I’m a big fan of QR codes and similar technology. Maybe it’s my failing memory brought upon by encroaching middle age, but the ability to snap a photo of something rather than remember a URL is a big win in my estimation. In fact, we included 22 Microsoft Tags (similar to QR codes) in The NOW Revolution, so we could direct readers to a treasure trove of additional resources that expand and enhance the book.
I also really like the on-the-spot and in-the-moment potential for QR code usage. I had an excellent experience with a program of that type this weekend at Which Wich here in Bloomington, Indiana.
The fastest growing chain in the U.S. in 2010, Which Wich is a quick service sandwich restaurant that features uber-customization of your sandwich, and a unique ordering system (you mark a paper bag with your detailed preferences). Their sandwiches are excellent, as are the house-made salt and black pepper potato chips, and I’ve eaten at several Which Wich locations around the U.S. Until Saturday, however, I’d never tried a Which Wich cookie. But now I have. Here’s how it happened:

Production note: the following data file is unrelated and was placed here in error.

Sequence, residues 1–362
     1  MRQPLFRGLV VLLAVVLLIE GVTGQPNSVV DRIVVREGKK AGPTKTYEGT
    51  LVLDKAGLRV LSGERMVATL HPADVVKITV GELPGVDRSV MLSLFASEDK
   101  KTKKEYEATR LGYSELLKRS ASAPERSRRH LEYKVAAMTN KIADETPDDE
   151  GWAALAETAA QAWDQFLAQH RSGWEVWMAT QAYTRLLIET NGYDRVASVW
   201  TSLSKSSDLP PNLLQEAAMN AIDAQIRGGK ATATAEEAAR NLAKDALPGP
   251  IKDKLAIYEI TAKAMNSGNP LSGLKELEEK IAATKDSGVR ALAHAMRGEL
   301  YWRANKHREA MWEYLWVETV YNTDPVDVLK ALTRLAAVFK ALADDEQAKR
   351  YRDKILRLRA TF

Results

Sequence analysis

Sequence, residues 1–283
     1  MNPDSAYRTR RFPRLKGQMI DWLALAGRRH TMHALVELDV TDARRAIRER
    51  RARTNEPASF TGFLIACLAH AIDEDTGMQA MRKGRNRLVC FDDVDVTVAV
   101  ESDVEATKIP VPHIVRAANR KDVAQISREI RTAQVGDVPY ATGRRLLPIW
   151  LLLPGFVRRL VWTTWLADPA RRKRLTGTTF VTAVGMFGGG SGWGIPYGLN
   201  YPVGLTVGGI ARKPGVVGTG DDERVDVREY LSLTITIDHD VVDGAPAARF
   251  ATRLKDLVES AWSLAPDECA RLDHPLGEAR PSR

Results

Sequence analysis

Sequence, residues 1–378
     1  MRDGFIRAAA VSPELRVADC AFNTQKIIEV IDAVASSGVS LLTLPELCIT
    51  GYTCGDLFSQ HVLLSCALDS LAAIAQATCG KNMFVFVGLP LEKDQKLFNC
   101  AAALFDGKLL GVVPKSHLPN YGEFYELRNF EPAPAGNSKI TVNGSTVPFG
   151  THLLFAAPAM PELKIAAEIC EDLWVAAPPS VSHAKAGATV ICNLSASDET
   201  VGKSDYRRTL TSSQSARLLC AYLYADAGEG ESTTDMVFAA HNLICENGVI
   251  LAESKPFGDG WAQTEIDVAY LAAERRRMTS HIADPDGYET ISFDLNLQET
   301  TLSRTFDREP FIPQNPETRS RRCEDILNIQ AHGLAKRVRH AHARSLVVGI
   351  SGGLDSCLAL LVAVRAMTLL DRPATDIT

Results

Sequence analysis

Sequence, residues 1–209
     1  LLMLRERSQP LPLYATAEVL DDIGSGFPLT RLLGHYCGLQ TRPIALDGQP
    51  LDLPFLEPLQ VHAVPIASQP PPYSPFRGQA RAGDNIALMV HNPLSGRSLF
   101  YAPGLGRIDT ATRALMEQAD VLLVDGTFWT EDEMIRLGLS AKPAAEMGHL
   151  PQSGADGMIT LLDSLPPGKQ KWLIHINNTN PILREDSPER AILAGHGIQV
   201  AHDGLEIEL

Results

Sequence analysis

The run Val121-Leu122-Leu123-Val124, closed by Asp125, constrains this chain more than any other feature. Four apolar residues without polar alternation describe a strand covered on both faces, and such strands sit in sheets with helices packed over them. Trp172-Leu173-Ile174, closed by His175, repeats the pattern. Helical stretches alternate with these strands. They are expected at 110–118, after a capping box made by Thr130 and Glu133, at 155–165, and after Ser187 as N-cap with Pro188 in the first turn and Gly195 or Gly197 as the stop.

- I saw a sign promoting the Which Wich Facebook page. So of course I checked it out on my phone while waiting for our sandwiches
- I saw a Facebook wall post from the company about a QR promotion
- I showed my wife, who commenced operation “Find the QR Code”. She spotted it in the collection of customer-decorated paper bags that are present in all locations, and I snapped the code (nice bunny ears)!
- I instantly received a coupon, and redeemed for a free cookie
And it was GOOOD. Based on this one, simple use of QR technology and instant sampling, the chances of me ordering a cookie next time at Which Wich went from 0% to 100%. That’s just smart business.
The only part of this program I would change is that their Foursquare page didn’t mention the QR program whatsoever. That’s a missed opportunity for integration and amplitude.
Otherwise, nice job by Which Wich demonstrating how on-premise use of QR technology can create real-time sampling and a subsequent increase in average order size downstream. Well played.